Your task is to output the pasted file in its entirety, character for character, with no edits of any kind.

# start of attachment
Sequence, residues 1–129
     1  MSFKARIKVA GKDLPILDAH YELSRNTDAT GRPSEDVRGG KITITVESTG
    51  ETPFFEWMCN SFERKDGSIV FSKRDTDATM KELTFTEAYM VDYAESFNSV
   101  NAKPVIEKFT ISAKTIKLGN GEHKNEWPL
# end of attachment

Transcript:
Sequence, residues 1–129
     1  MSFKARIKVA GKDLPILDAH YELSRNTDAT GRPSEDVRGG KITITVESTG
    51  ETPFFEWMCN SFERKDGSIV FSKRDTDATM KELTFTEAYM VDYAESFNSV
   101  NAKPVIEKFT ISAKTIKLGN GEHKNEWPL